Press Release
February 13, 2019

Koko wants meds for mental illness VAT-free

Senator Aquilino "Koko" Pimentel III has sought for the expansion of the list of value-added tax (VAT)-exempt medicines, to include those prescribed for persons with mental health conditions.

Senate Bill No. 2193 filed by Pimentel last Jan. 29 seeks to further amend a provision in the National Internal Revenue Code of 1997, particularly Section 109.

While the Mental Health Act, which was signed into law last year, made mental health services accessible and integrated the mental health care in the basic health services, the law does not cover the cost of drugs and medicines, he said.

"To sustain the treatment or prevention of mental health conditions, it is imperative that drugs and medicines are made affordable," Pimentel said.

"To bring down the cost of drugs and medicines prescribed for mental health conditions, this bill proposes to exempt them from the imposition of VAT," he added.

More than 100 maintenance medicines - those prescribed for treatment and prevention of diabetes, hypertension and high cholesterol - are now exempted from payment of VAT following the implementation of RA 10963, otherwise known as the Tax Reform for Acceleration and Inclusion (TRAIN) Law.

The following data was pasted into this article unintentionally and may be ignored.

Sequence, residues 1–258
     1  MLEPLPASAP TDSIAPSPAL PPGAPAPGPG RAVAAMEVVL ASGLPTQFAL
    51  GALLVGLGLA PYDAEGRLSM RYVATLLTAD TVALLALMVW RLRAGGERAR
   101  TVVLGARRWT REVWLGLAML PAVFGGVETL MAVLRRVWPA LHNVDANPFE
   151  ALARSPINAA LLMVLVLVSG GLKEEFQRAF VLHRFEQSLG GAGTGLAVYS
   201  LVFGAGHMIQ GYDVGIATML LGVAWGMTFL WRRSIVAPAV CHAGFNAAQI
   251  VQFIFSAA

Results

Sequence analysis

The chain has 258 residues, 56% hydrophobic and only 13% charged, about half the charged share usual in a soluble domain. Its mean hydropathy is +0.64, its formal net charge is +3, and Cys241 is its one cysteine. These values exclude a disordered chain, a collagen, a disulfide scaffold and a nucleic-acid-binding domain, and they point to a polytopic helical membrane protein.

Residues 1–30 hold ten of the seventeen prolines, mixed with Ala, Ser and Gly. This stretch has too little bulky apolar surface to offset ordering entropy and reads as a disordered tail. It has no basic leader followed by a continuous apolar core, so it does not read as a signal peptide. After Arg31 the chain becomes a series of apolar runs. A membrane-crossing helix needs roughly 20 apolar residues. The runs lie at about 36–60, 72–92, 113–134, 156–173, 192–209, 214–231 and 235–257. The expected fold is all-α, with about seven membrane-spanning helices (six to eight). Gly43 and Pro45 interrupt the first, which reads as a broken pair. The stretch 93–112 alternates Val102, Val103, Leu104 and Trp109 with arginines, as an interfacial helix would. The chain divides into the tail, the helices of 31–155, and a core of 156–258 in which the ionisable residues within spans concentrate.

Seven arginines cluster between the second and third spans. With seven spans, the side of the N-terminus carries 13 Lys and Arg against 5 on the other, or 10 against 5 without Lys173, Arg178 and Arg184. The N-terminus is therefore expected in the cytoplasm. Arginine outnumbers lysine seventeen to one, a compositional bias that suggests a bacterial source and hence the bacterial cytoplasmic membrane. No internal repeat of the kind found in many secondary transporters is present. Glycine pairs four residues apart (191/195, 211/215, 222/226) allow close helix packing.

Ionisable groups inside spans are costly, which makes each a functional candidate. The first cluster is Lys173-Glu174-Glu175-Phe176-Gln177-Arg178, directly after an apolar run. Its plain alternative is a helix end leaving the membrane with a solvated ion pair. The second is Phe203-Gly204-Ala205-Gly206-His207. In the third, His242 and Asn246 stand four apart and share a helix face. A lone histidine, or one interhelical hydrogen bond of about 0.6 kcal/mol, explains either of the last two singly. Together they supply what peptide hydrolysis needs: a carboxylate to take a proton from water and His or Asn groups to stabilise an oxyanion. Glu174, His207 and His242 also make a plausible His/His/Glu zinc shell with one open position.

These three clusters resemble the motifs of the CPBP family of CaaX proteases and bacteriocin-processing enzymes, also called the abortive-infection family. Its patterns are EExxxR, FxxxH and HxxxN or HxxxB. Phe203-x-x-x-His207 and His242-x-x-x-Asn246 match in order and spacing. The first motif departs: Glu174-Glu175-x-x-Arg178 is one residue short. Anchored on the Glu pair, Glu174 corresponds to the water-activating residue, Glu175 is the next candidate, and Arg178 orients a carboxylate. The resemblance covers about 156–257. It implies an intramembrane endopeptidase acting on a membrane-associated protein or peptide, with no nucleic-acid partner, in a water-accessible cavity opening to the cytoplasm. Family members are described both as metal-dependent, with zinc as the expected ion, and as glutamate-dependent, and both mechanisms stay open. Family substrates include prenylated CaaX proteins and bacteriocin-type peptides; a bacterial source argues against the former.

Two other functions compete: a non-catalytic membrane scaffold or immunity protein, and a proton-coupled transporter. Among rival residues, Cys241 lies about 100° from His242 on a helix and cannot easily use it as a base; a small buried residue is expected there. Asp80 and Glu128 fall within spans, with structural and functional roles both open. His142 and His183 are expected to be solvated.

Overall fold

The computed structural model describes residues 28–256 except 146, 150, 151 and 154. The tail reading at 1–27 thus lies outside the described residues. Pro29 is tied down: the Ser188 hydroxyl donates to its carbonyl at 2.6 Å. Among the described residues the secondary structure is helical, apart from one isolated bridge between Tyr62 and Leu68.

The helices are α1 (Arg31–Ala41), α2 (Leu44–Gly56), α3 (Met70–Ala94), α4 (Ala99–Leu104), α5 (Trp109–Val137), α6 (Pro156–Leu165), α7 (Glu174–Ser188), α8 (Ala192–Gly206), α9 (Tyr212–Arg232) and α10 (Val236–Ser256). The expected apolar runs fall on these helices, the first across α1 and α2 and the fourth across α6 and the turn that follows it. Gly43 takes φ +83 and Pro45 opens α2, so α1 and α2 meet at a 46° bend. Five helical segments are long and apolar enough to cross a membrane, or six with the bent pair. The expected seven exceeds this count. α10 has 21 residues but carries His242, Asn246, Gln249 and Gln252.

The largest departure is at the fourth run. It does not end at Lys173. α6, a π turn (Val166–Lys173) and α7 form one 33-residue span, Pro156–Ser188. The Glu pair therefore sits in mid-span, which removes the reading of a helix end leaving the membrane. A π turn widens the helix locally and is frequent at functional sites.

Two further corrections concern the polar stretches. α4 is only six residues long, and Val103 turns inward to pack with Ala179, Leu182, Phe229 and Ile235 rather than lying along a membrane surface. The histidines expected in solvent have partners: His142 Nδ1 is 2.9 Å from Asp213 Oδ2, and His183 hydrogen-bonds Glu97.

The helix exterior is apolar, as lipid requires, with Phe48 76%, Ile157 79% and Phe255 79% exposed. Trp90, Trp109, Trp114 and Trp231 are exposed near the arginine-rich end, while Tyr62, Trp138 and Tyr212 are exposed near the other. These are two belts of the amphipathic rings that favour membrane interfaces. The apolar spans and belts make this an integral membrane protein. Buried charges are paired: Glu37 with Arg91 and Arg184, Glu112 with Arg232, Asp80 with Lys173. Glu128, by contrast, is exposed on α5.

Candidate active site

The exemption from the 12 percent VAT of the said maintenance medicines took effect last January 1.

In his explanatory note, Pimentel said records from the Philippine Statistics Authority (PSA) showed that mental illness and mental retardation are the third and fourth common disabilities respectively.

A study in 2004 by the World Health Organization further revealed that 60 percent of people attending primary care clinics daily in the Philippines have one or more mental neurological or substance use (MNS) disorders while a 2006 study by the Department of Health (DOH) showed that among government employees in Metro Manila, 32 percent of the 327 respondents have experienced a mental health problem in their lifetime.

Mental health and well-being is a concern of all and it is for this reason that the passage of the bill is earnestly sought, the senator said.

Pimentel is hoping to have his proposed amendment adopted into law the soonest time possible and to take effect by January 1, 2020.

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